Communists and Buddhists Stage Rallies in Mongolia

TIMES STAFF WRITER

Thousands of Communist Party supporters staged a pro-government rally in the Mongolian capital of Ulan Bator on Sunday, while Buddhists held a separate demonstration demanding resumption of religious activity at an old temple.

There were no reports of violence. However, the competing protests marked a new level of tension as opposition forces press demands for rapid political change and the government's response remains uncertain.

In a concession to the opposition, Mongolian President Jambyn Batmonh promised last week that all members of the policy-setting Politburo, which he heads, will submit their resignations at a meeting today of the ruling Communist Party's Central Committee. It was not clear, however, whether the resignations will be accepted or whether many of the same leaders might be immediately reelected.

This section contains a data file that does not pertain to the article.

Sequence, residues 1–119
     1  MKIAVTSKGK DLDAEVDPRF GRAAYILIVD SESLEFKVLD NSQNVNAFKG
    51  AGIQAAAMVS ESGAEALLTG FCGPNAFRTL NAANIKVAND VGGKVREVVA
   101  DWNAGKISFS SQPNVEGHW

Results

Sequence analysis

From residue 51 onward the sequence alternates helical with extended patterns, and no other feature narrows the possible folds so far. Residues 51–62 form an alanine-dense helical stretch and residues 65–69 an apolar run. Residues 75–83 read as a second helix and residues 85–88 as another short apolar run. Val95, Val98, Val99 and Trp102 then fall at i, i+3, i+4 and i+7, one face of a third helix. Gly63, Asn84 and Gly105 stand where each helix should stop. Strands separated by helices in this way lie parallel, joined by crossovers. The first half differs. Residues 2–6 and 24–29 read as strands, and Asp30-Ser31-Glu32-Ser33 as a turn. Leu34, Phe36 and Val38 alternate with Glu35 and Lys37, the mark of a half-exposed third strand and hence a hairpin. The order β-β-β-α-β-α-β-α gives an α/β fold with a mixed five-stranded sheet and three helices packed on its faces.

Sunday's pro-government demonstration, which, according to reports from the Mongolian capital, drew about 5,000 people, appeared aimed at reinforcing the political position of Batmonh and other leaders of the Mongolian People's Revolutionary Party, as the Communists are officially known, before today's meeting.

The opposition-backed pro-Buddhist demonstration, joined by about 2,000 people, reflected a recent upsurge in respect for all aspects of Mongolia's ancient traditions.

The protesters, according to a European diplomat reached by telephone from Beijing, were demanding that a former Buddhist temple in Ulan Bator now used as a museum be restored to its religious function.

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